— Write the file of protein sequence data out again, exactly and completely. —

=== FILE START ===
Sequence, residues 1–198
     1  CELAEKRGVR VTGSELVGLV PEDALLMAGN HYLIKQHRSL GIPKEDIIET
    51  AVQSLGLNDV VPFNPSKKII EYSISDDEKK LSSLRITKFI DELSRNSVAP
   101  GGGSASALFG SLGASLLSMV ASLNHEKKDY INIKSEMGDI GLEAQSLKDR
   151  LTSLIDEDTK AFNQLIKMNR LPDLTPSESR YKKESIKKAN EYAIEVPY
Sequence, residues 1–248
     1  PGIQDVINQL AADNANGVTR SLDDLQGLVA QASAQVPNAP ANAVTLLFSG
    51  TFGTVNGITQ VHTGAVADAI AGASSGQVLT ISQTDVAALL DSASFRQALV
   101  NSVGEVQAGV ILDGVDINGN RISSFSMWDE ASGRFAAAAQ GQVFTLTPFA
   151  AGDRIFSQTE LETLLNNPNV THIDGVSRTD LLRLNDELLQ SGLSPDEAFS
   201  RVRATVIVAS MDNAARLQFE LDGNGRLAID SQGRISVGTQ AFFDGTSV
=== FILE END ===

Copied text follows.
Sequence, residues 1–198
     1  CELAEKRGVR VTGSELVGLV PEDALLMAGN HYLIKQHRSL GIPKEDIIET
    51  AVQSLGLNDV VPFNPSKKII EYSISDDEKK LSSLRITKFI DELSRNSVAP
   101  GGGSASALFG SLGASLLSMV ASLNHEKKDY INIKSEMGDI GLEAQSLKDR
   151  LTSLIDEDTK AFNQLIKMNR LPDLTPSESR YKKESIKKAN EYAIEVPY
Sequence, residues 1–248
     1  PGIQDVINQL AADNANGVTR SLDDLQGLVA QASAQVPNAP ANAVTLLFSG
    51  TFGTVNGITQ VHTGAVADAI AGASSGQVLT ISQTDVAALL DSASFRQALV
   101  NSVGEVQAGV ILDGVDINGN RISSFSMWDE ASGRFAAAAQ GQVFTLTPFA
   151  AGDRIFSQTE LETLLNNPNV THIDGVSRTD LLRLNDELLQ SGLSPDEAFS
   201  RVRATVIVAS MDNAARLQFE LDGNGRLAID SQGRISVGTQ AFFDGTSV